Sean Healy’s Extroverts is his first Portland show in several years. Healy’s business, doing commissioned works with his friend, the artist Joe Thurston, has brought several large site-specific installations to life in recent years.
But a collection of more personal work, on view through August at Elizabeth Leach Gallery, finds Healy thinking about the archetypes of men in his childhood and beyond. Healy made large expanses formed by hundreds of cigarette filters, and slathered them with glittering enamels in the colors evoking ‘70s muscle cars.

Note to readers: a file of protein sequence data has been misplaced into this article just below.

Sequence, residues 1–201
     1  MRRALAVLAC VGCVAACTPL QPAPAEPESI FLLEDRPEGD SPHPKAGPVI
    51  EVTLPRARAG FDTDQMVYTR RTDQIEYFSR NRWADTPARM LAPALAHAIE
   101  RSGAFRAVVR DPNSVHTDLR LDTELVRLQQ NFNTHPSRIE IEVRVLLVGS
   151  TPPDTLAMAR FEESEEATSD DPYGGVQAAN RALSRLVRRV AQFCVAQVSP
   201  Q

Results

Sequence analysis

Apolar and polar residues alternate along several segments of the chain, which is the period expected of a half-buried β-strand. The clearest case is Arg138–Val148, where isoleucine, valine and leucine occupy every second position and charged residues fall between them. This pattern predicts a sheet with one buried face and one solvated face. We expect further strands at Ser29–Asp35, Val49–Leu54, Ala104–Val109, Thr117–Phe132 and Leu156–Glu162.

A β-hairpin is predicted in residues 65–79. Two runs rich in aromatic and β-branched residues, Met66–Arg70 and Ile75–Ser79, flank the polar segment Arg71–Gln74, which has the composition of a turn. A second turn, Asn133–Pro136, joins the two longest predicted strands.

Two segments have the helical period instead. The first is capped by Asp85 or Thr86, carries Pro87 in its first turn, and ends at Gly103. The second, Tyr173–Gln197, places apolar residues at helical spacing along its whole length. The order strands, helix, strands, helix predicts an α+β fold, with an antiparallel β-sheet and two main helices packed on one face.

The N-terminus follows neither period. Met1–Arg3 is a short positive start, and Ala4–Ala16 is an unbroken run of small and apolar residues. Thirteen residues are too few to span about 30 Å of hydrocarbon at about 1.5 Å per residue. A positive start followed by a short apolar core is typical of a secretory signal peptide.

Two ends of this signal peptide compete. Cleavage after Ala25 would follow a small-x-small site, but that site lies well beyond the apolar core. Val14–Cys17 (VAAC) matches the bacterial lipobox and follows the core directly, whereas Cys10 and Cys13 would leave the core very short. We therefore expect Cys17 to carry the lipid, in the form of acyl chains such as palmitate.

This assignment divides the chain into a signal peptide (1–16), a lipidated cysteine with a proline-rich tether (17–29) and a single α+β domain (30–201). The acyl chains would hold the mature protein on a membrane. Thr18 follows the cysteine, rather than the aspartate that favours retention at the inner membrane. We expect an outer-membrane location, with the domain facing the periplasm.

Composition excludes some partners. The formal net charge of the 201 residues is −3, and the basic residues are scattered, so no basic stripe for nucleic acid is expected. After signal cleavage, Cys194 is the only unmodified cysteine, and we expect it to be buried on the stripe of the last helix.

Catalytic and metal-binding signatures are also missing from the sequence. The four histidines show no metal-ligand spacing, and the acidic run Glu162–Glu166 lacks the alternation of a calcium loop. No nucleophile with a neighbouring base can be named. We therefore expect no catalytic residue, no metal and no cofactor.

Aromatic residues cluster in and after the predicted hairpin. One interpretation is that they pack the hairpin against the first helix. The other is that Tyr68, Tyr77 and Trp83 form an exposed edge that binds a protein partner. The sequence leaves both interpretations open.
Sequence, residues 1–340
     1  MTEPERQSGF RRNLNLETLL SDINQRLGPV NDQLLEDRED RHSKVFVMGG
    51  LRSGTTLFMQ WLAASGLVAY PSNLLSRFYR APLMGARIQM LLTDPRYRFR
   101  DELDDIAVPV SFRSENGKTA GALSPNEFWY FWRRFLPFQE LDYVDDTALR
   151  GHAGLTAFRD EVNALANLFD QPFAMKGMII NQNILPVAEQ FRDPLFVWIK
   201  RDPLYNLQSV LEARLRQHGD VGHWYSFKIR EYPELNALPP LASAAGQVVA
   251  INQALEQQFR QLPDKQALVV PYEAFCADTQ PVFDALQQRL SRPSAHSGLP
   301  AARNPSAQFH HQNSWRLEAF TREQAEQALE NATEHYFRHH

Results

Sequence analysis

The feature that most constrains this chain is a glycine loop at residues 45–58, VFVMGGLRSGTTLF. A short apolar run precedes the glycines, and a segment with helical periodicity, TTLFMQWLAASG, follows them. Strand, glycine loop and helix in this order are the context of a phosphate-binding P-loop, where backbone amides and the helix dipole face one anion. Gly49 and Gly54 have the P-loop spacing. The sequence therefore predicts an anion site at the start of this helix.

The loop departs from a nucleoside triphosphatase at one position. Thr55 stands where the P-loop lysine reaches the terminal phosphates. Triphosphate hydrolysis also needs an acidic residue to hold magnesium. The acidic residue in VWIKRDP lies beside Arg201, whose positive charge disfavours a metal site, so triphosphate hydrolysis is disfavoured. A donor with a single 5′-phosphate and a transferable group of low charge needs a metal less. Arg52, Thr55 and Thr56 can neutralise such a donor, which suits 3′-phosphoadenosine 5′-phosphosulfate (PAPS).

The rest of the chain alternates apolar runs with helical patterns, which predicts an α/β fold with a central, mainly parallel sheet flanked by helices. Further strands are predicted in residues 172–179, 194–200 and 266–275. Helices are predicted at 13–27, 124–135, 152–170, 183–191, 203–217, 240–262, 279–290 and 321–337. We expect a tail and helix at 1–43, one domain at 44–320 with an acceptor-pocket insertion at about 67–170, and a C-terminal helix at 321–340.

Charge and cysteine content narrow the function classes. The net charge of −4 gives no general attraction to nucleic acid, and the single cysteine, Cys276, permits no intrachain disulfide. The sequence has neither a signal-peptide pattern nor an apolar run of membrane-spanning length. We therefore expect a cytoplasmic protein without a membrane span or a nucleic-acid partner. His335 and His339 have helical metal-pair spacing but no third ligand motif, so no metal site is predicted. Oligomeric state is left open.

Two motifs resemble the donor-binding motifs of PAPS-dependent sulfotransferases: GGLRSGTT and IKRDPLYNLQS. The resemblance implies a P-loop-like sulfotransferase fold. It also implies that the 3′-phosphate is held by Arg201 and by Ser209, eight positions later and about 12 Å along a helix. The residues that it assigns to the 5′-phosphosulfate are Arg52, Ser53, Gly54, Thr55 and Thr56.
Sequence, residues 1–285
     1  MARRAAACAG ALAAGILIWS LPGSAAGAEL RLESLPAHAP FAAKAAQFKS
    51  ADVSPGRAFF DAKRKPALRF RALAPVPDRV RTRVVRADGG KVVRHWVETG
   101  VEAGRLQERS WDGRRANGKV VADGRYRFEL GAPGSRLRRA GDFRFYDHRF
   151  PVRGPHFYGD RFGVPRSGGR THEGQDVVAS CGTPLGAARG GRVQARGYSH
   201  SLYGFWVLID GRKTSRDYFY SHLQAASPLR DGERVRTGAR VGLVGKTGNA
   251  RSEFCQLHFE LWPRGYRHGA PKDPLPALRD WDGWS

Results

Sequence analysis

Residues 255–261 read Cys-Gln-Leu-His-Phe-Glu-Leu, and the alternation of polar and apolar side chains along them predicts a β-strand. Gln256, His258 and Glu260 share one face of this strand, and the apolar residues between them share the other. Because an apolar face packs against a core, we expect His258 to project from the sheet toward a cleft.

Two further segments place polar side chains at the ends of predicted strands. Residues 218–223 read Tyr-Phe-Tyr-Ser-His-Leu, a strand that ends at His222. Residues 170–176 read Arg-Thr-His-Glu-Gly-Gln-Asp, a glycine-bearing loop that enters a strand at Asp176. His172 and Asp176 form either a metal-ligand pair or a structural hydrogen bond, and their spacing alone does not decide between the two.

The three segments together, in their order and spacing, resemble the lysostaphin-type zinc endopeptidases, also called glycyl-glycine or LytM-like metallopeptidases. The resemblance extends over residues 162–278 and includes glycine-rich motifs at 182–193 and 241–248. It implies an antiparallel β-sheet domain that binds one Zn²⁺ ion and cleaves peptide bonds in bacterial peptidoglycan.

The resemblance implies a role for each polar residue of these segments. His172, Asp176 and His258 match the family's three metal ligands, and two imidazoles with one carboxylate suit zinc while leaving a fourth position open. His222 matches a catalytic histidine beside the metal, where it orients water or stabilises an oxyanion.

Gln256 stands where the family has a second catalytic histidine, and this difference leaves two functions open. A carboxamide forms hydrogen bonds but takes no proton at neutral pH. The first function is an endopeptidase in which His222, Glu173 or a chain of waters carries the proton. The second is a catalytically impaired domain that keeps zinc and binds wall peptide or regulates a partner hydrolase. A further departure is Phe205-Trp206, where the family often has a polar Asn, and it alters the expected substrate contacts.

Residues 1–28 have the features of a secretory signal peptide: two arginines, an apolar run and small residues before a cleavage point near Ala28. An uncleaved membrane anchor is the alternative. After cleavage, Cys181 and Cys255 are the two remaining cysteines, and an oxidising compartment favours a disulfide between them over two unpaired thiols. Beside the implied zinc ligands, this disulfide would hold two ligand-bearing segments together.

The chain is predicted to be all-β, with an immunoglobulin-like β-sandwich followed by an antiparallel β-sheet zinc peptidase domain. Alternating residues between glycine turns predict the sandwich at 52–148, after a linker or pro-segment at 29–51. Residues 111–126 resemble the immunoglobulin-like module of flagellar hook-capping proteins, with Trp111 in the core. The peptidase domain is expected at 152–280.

“I think it’s all tied into this concept of masculinity - this hard veneer when you don’t show that something’s bothering you, but really, day-to-day stresses in life, you’re carrying that around.
Witty depictions of snaggle-toothed grins share wall-space with enormous, elegant studies of animal horns.
Healy talked to April about the show, his techniques, and his ongoing fascination with that most self-destructive and inescapably masculine accessory, the cigarette.
Healy will give a free talk on the show June 28th at 11AM.